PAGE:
>> * Webgen::WebSite.new( 'dir' ).reset returns the website object. I
>> know it is more concise to only need a single line but does one
>> really expect to get the website object back from the reset method?
> Well, what exactly would one really expect reset to return?
> An error state?
> WebSite#reset cannot really fail (if it does it's an exception sort
> of failure). And it has no really meaningful return value. So
> either it returns the WebSite or the PluginManager. But if you want
> the PluginManager you can do ...reset.plugin_manager... so the only
> reasonable thing to return is self.
> I'm doing the same for other methods too now (maybe not yet in the
> patch I sent you). Methods that do not have a meaningful return
> value now return self so that they are chain-able. Also methods
> that only have a boolean return value 'could' return self or nil
> (but this is less useful as they would not be chainable in general.
> But if there's a way to ensure that if some given preconditions are
> met the method returns true, than a user that does know those
> preconditions are always met at a given point in the code sequence
> can still chain up calls).
> If you know C/C++ the idea is: global functions may be void.
> Methods that would normally be void may actually be turned into
> returning a reference to the object and return *this. It does no
> harm. It does not really slow up code. And may be usefull to callers.
> This is an extension to chained assignment (the logic by which an
> assignment expression is an expression and not a statement as it
> used to be in past languages).
> Besides: even if requiring #reset as an explicit call is functional
> to the modularity of the system, I still expect many users to do
> WebSite.new.reset or even WebSite.new.reset.render (and in fact
> render now also returns self so you can do it all and still save
> the instanced objects in a variable!!).
Chaining is a fine thing, that's true. But we need to be careful in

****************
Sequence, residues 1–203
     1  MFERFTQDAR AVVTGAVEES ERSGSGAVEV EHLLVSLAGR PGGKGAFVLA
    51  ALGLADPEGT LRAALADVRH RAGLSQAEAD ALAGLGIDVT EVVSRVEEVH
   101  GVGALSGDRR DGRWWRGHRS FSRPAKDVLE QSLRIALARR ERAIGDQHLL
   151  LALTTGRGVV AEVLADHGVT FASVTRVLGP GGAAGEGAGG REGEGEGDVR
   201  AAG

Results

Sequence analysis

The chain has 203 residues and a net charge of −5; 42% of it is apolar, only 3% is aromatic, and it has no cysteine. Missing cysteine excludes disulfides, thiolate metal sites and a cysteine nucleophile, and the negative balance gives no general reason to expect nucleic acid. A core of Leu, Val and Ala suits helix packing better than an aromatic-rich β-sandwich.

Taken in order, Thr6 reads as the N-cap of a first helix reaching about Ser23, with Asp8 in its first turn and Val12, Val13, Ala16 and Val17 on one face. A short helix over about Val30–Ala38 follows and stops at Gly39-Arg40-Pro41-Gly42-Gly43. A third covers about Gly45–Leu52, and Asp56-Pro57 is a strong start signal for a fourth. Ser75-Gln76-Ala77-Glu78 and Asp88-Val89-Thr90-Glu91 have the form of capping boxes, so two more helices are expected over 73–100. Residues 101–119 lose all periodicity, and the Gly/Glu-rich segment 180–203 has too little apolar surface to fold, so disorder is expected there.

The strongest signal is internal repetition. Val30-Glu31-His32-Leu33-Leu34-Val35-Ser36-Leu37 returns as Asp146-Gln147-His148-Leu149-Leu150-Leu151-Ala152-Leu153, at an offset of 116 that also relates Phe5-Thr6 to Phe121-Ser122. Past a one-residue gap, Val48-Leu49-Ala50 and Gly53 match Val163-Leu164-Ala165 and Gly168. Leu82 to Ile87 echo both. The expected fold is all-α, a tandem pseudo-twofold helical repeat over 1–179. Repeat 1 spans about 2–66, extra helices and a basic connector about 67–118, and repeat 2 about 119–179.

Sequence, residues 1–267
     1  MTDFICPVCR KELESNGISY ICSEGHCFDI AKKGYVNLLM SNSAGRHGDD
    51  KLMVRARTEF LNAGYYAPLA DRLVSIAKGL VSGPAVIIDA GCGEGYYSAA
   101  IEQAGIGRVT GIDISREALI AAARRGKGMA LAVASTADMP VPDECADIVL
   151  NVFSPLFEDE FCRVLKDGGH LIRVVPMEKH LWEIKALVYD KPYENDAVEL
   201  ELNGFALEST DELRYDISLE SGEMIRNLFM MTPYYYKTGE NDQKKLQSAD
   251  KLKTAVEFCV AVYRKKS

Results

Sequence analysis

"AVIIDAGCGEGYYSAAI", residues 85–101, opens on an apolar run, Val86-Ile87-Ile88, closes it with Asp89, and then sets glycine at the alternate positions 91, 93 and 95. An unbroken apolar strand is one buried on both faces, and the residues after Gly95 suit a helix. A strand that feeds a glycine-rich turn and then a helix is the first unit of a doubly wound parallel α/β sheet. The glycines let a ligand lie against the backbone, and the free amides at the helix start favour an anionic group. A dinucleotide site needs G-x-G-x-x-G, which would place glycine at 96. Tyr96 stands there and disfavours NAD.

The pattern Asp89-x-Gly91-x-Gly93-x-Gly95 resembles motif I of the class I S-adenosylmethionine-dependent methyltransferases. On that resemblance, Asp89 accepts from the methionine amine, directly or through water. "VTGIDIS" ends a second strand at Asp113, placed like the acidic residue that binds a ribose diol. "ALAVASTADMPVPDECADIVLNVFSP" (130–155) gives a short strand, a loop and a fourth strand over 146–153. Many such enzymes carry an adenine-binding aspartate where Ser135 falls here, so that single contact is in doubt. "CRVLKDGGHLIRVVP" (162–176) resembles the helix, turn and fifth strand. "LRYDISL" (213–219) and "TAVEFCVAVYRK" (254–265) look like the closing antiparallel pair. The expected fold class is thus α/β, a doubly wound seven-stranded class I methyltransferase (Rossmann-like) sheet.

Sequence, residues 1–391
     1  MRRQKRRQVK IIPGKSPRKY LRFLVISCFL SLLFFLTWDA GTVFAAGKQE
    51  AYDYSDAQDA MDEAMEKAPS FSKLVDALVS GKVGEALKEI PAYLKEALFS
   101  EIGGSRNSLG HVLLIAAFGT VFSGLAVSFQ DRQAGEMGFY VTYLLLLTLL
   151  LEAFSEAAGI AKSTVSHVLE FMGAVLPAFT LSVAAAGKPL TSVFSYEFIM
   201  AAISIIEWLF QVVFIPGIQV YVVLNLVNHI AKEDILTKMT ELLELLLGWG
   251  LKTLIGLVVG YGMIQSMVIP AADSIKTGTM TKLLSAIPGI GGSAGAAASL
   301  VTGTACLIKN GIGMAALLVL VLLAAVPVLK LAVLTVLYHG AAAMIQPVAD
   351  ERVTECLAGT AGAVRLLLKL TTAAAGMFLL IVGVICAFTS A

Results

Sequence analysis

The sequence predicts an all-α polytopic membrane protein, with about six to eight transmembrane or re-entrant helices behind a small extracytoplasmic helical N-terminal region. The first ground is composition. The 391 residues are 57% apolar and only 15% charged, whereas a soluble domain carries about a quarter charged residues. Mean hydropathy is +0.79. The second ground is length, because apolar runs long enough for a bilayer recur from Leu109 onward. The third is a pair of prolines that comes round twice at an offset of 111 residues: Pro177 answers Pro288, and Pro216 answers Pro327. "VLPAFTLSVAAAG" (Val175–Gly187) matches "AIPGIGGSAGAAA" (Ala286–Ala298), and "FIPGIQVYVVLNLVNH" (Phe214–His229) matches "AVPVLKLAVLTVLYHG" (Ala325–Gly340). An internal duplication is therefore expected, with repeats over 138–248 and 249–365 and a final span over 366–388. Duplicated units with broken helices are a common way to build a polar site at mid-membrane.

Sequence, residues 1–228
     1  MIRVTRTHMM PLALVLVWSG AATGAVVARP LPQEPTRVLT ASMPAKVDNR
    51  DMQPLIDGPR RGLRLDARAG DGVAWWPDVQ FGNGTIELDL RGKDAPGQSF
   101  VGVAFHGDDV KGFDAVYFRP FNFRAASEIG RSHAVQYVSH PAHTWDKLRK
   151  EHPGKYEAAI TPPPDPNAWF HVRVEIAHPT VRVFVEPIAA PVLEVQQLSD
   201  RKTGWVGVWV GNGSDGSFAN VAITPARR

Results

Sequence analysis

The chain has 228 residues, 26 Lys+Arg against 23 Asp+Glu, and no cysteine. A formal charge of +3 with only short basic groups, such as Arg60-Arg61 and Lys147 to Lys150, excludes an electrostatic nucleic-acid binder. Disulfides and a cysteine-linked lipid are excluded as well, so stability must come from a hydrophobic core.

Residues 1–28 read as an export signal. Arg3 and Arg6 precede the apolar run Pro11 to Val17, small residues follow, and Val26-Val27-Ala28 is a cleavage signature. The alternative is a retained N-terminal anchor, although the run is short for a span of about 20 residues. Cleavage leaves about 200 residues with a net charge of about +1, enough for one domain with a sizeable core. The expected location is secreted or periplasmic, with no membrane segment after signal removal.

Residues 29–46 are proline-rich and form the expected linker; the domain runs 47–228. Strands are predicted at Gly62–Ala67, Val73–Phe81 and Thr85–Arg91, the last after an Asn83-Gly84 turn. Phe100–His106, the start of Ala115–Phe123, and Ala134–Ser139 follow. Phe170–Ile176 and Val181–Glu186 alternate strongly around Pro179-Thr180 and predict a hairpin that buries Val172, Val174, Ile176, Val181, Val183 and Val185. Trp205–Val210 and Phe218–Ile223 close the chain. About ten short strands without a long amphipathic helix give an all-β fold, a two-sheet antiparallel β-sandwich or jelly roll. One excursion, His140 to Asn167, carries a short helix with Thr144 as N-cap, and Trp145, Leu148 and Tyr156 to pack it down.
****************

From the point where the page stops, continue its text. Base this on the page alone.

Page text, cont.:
selecting the methods which return self! And it should be stated in
the RDOC documentation for the method.
> I have some questions for you. Some not webgen related. I may
> probably find the answers myself, but if you know them it may be
> faster for you to answer (or point me to documentation) then for me
> to google around and browse sources.
> - I'm not updating Rakefile and the list of files while I add them.
> I figure we do not need to "package" for the moment and can do that
> at a later time. Is that ok for you? (also I'm not very sure of
> what should be changed!)
I will update the packaging code in the Rakefile to use the Rubyforge
library or hoe to automate releasing webgen. Still need to look
around a bit to see if there are other complete solutions like hoe
around. So just leave the Rakefile as it is, I'll see to it.
> - rDoc seems to highlight all words that have some meaning in the
> project. When it sees <Core/Configuration> in a comment it
> hyperlinks Core (and not Configuration as that's not a class in
> webgen yet). Is there a way to tell it not to?
I don't really know. I can imagine that there is some markup that
prevents RDOC from automatically hyperlinking a word but I never
searched nor used that feature, if it exists. It's not nice that Core
gets hyperlinked, but I can live with it.
> - rDoc have a flag to show the (normally hidden) leading # before
> the name of a method in a comment. But it seems to always hyperlink
> all words that are method names regardless. So what's the reason to
> have a leading # (I could not find ANY docs for rDoc that say
> something about the leading # and any syntax for hyperlinking
> except the reference to the leading # in the descriptions of CLI
Never used that option. And since the problem with the 'highlight-all-